Proffered Voices: What does Psychoanalytic Education and Training mean for Psychoanalytic Development and Identity?

Stark, Lynn (2018) Proffered Voices: What does Psychoanalytic Education and Training mean for Psychoanalytic Development and Identity? Doctoral thesis, Northumbria University.

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Taking account of previously unheard perspectives of the training and post-qualification experiences of volunteer participants of three psychoanalytic training institutes in the United Kingdom, this qualitative research study explores what psychoanalytic training and education mean for the development and identity of psychoanalytic practitioners. Graduate practitioners, accredited by the British Psychoanalytic Council, with at least five years post-qualification experience in psychoanalysis, psychoanalytical and/or psychodynamic psychotherapy, were invited to participate in individual interviews.

In the context of an hour-long, digitally recorded, individual, face-to-face interview participants were asked to speak freely about their experience of psychoanalytic training and education. Encouraged to engage in spontaneous narrative in response to a semi-structured interview schedule designed around four main areas including personal background, theoretical, clinical and educational aspects of training, used by the researcher only as aide- memoir, participants were asked to speak of their training and post-training experiences, including professional identity development and career satisfaction.

Findings contribute to understanding in relation to subjective experience in psychoanalytic training and to what training and post-graduate development mean for the life-long endeavour of becoming a psychoanalyst/ psychotherapist. Overall findings lend credence to some of the deleterious effects of a hierarchical system within psychoanalytic training institutes, pointing to a need for innovation and change, with emphasis on reporting systems and teaching practice. In keeping with a Grounded Theory approach the literature review, carried out post field-work, points to continuing debate in the need for structural and organisational change in training institutes centred upon power in the curriculum and the training analyst system. Debate also lends weight to the need for further research in psychoanalysis, alongside the development of greater interdisciplinary collaboration, and a need for extra-institutional academic affiliations, together with advances in advocacy as a means of increasing understanding of psychoanalytic work within the general public and in health care providers.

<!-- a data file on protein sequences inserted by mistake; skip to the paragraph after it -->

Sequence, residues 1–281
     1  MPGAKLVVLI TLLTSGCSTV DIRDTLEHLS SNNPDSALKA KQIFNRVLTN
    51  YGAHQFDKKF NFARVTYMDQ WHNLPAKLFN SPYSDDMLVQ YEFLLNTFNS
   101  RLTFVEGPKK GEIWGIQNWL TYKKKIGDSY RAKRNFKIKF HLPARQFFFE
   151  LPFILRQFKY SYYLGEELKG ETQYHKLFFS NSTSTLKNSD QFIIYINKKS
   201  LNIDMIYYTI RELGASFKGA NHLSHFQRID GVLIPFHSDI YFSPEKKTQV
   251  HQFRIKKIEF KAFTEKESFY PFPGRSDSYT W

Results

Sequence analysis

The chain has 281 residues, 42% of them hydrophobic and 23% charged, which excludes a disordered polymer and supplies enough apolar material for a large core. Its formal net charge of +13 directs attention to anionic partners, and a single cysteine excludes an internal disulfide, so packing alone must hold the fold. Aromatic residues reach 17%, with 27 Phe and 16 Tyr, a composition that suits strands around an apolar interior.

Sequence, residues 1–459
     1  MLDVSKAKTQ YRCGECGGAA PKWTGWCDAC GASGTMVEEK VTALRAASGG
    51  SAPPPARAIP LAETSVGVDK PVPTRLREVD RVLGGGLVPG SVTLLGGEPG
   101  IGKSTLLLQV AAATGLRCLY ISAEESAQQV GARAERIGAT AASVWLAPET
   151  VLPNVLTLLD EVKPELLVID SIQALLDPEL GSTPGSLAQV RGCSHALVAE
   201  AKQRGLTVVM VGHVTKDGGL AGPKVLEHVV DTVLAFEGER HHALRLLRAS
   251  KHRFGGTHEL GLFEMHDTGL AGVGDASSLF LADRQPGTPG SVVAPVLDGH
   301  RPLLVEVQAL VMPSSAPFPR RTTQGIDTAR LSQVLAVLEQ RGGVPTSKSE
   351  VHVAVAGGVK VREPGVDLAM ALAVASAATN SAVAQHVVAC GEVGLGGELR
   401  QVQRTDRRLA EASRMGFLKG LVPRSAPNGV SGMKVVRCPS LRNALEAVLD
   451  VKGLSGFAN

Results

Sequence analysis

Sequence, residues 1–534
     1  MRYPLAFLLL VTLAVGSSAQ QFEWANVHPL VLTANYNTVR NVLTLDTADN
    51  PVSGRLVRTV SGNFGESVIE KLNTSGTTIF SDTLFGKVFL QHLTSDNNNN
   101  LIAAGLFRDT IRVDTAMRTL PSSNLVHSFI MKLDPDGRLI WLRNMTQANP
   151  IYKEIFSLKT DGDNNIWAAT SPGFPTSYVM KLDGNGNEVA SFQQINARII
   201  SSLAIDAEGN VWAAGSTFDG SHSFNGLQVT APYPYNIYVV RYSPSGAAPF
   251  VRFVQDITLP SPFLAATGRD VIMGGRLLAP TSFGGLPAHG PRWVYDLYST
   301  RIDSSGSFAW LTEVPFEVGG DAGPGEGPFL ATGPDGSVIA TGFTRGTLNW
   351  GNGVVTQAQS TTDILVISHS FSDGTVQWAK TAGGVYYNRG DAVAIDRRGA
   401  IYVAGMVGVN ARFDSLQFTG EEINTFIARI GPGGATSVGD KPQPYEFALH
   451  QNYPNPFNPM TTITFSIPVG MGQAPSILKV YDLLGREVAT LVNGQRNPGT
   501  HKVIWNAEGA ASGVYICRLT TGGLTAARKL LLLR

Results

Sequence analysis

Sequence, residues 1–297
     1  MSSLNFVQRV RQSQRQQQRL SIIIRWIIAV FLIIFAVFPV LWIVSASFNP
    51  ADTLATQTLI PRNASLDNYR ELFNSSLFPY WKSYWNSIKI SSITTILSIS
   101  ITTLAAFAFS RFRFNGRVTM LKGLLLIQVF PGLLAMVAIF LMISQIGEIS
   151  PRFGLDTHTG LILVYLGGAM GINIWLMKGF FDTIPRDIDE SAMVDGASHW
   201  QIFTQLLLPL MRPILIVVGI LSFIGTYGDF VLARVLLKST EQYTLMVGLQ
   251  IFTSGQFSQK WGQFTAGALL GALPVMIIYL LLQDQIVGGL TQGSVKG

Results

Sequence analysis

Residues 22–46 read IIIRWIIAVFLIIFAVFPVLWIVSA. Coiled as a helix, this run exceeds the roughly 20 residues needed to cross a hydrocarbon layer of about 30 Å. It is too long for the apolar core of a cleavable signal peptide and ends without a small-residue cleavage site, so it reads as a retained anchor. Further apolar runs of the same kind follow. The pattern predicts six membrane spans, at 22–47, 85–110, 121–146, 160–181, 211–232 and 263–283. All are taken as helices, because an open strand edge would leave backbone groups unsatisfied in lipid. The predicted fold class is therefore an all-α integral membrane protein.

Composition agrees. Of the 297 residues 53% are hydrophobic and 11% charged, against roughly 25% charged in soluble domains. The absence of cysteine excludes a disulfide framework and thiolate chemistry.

Graduates simultaneously affirm the role of psychoanalytic training in personal and professional identity development and career satisfaction, and the value of psychoanalysis as a theory of human mental functioning and a mental health discipline, as inestimable.

Item Type: Thesis (Doctoral)
Uncontrolled Keywords: Qualitative research study, Psychotherapy, Psychoanalysis, Graduate practitioners, Innovation and change
Subjects: C800 Psychology
Department: Faculties > Health and Life Sciences > Nursing, Midwifery and Health
University Services > Graduate School > Doctor of Philosophy
Depositing User: Paul Burns
Date Deposited: 11 Jul 2019 13:18
Last Modified: 13 Sep 2022 13:45

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